With the anticipated arrival of some 14 million newly insured individuals into the nation's healthcare system in 2014, a major concern that remains is whether coverage will equal access. Texas lawmakers, physicians
and nurse practitioners have taken a step forward on that problem while many other states remain at an impasse.
As Michael Gelder, a senior healthcare policy adviser to Illinois Gov. Pat Quinn, said last year
, Medicaid expansion could turn into a situation where everyone gets a library card but there are not enough books in the library.
This concern over access has led to a call for greater independence for nurse practitioners and physician assistants
. This has led to fierce legal and legislative scope-of-practice fights in states across the country including California
In Texas, however, both sides worked together to craft legislation to increase healthcare access that they all could live with. The new law
, signed by Gov. Rick Perry on June 14, loosens physician supervision requirements for NPs and physician assistants, increases from four to seven the number of NPs or PAs a doctor to whom can delegate prescriptive authority, and allows physicians to delegate Schedule II controlled-substance prescribing in hospital and hospice settings.
The Texas Medical Association called it “a landmark bill” that establishes physician-led teams and “creates a more collaborative, delegated practice among physicians and advanced practice registered nurses or physician assistants."
“Diagnosing and prescribing remain the practice of medicine, which only physicians are trained and authorized to do by Texas law,” Dr. Stephen Brotherton, president of the TMA, said in a news release
. “But the good news is that by working together as a team—doctors, nurses and physician assistants—we can take care of more patients and do a better job of it.”
Sandy McCoy, president of Texas Nurse Practitioners, said in an interview that both sides were motivated by a CMS listing that ranked Texas 47th in the nation for access to primary care.
“Everyone came to the table and realized that we had a problem,” said McCoy, a bariatric nurse practitioner with the Baylor University Medical Center in Dallas. “We realized we had to make some compromises—deeper compromises than we had made in the past.”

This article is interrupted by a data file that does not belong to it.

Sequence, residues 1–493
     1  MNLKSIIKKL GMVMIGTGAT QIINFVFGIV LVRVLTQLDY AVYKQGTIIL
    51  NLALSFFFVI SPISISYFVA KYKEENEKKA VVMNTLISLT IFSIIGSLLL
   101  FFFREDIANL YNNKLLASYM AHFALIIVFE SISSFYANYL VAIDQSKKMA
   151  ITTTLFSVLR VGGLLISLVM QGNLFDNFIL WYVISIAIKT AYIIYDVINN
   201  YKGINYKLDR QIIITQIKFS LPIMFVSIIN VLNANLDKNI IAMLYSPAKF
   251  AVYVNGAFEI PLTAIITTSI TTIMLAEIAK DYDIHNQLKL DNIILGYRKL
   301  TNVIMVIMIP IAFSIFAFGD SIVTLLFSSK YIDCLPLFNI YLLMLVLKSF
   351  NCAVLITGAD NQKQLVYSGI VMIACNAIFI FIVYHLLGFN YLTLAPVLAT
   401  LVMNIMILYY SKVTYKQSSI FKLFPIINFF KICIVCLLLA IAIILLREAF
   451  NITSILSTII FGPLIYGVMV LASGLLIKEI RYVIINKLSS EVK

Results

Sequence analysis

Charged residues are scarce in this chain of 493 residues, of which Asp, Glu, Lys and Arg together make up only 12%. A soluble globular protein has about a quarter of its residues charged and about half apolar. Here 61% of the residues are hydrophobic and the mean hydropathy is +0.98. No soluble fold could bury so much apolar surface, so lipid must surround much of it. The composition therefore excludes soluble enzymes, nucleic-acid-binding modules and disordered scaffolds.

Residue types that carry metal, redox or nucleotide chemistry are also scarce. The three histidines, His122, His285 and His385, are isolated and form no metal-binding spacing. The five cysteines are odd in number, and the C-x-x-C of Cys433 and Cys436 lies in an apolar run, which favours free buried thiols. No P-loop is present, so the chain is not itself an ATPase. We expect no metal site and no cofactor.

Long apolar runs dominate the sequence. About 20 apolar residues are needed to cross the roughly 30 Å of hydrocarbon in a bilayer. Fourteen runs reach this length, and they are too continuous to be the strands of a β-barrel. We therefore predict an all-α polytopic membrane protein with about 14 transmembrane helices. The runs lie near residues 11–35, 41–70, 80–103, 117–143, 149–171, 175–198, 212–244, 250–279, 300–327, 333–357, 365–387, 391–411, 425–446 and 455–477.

She said state restrictions on NP practices had led to some providers in El Paso and the western edge of the state to set up shop in New Mexico where they could practice more freely.
McCoy cited estimates that healthcare reform may eventually add as many as 6 million Texans to the ranks of the insured. That prompted everyone to seek compromise. “Eventually, we'd like to see full prescriptive authority (for NPs),” she said. “Eventually, we will come back and ask for more.”
Although the CMS says up to nine of the 32 provider organizations involved in the Medicare Pioneer accountable care organization program
may withdraw from the program, private-sector payer-provider system ACOs continue to form at a rapid pace.
Within the last week, Cigna Corp. has formed collaborative “accountable care initiatives”
with the Lehigh Valley, Pa.-based Valley Preferred health network; the NYU Langone Medical Center and its University Physicians Network; and, most recently, with the Gastonia, N.C.-based CaroMont Medical Group
Also, Seton Health Alliance, an Austin, Texas-based division of Ascension Health, entered into an ACO contract with UnitedHealthcare
, while Aetna entered into an agreement with Mariottsville, Md.-based Bon Secours Health System and its Good Help ACO
Business owners participating in the Small Business Health Options Program
, or SHOP insurance exchange, created as part of the Patient Protection and Affordable Care Act
, are facing “a steep learning curve” in figuring out their options, according to a tracking report on the implementation of business exchanges in six states.
The report, produced by the Urban Institute with support from the Robert Wood Johnson Foundation
, tracked the progress of efforts in Colorado, Maryland, New Mexico, New York, Oregon and Rhode Island.
The report found that smaller states have more uniformity in payer participation; brokers and agents are key to maximizing SHOP enrollment; insurer interest is high but often has been demonstrated with only nonbinding letters of intent; communication efforts are just getting started; and implementing effective small business outreach strategies poses a significant challenge for the states.